- The new Secretariat would be designed for independence and competence. This requires that only the best talent is selected. To ensure merit all appointments to the secretariat would be outside the central staffing pool which is operated by the Department of Personnel, GOI and draws officers from the All India Services and Central Services based on pre-determined proportions from each service and then allocates the officers to vacant positions in the union government; a cumbersome and non-transparent mechanism of ever there was one.
All positions in the NDC secretariat would be open to external competition. Government officers would be expected to compete with external experts for appointment to specific positions, each of which would have defined job descriptions and eligibility criteria. Secondly, all appointments would be contractual. This simple device will give more flexibility to the NDC to pay for merit. The fear of competition and the need to temporarily step out of the “comfort zone” of service regulations (like the payment of house rent at market rates rather than allocation of a government house; payment of car and driver allowance at market rates rather than allocation of a government car) will automatically ensure that only those competent in and committed to pursue specialized technical work would apply.
All recruitments would be processed by the Union Public Service Commission (UPSC) to ensure that the highest fiduciary standards in selection are maintained.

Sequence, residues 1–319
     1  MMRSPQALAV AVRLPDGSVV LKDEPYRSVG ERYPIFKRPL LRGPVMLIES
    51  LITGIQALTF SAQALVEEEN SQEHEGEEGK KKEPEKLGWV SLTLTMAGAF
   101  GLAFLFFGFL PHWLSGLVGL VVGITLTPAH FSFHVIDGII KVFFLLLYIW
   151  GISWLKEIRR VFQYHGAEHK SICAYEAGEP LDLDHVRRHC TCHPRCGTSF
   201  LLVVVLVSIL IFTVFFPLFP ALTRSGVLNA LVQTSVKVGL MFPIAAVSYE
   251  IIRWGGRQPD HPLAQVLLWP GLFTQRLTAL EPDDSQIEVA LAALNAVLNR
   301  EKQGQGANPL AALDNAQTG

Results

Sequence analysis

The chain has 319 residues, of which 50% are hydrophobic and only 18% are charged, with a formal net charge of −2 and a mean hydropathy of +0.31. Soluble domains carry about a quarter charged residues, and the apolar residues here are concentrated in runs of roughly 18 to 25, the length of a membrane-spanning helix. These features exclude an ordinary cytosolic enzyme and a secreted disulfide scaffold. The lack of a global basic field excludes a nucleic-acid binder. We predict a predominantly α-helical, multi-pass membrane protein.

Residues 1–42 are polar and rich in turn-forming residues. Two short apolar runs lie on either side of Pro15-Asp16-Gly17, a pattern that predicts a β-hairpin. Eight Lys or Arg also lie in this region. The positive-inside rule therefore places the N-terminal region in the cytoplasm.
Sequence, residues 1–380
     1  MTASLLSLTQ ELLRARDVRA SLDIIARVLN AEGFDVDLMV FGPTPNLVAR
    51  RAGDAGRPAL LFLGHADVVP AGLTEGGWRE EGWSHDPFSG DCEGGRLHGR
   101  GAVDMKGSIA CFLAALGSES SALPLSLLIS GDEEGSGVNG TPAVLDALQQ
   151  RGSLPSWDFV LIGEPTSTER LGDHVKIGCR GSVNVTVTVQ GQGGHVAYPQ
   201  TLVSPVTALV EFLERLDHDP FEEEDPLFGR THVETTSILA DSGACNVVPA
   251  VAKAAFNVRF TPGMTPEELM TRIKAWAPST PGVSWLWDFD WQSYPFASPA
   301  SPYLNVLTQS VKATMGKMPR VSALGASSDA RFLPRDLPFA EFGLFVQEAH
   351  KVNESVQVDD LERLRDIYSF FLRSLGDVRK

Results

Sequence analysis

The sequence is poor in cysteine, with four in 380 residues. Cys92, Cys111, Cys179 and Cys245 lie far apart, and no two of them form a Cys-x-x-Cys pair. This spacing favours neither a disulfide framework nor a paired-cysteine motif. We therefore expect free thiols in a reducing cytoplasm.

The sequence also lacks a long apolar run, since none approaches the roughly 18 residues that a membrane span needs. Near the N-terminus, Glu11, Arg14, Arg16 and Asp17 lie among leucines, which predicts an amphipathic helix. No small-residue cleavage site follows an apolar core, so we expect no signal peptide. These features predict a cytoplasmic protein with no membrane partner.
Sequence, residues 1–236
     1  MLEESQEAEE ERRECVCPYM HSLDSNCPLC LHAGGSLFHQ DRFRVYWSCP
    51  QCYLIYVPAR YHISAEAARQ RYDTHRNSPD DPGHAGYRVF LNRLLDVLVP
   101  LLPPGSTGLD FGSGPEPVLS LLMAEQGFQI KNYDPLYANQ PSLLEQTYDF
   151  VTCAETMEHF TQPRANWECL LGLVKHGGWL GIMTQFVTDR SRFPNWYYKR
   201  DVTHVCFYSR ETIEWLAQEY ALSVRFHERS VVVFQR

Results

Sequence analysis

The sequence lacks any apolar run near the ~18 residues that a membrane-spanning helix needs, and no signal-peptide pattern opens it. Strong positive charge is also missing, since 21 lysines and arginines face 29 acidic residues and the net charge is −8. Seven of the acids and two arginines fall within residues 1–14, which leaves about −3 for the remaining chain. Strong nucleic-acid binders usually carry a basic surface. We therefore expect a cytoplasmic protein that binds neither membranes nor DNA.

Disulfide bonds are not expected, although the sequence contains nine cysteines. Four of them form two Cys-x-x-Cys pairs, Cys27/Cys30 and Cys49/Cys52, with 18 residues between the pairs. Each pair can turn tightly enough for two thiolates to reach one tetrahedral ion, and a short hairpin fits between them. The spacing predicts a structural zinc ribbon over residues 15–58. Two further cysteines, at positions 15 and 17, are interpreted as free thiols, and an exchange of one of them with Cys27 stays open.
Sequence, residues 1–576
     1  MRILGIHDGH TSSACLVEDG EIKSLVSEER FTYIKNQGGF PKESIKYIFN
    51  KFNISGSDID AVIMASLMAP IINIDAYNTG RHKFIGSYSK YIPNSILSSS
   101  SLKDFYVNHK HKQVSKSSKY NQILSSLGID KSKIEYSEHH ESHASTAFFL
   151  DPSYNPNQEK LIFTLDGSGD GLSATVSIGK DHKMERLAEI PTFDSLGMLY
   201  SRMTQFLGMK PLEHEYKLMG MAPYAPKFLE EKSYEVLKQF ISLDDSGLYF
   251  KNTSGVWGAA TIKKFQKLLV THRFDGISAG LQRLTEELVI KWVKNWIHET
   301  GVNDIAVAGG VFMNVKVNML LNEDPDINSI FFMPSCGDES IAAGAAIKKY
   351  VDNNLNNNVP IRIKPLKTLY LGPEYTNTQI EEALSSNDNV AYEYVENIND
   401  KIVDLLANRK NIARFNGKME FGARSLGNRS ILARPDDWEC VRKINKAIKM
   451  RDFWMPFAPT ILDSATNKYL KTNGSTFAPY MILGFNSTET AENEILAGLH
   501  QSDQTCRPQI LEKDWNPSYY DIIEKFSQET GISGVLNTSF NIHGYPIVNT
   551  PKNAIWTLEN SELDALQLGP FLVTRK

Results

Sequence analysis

Despite the liberalized compensation, the operational cost would be lower than in the case of the PC by limiting the number of employees to 100 or around one half of the staff presently employed; enhancing the teeth to tail ratio and aggressively adopting technology to reduce cost.
The proposed new NDC can meet the PMs objectives of introducing “co-operative federalism” by building “a common team” of leaders from state and the union governments.
It bridges the gap between state and the union government, at the bureaucratic level, by bringing high level government representatives together in an empowered Executive Board with real time “shared” powers and functions.
It ensures that the best available human capital is made available to inform the deliberations of the NDC and yet minimizes the institutional dislocation from the demise of the Planning Commission.
The bath water is drained, the “baby” remains, to be nurtured into an image of inclusive, federal, technologically empowered, institutionally integrated, India.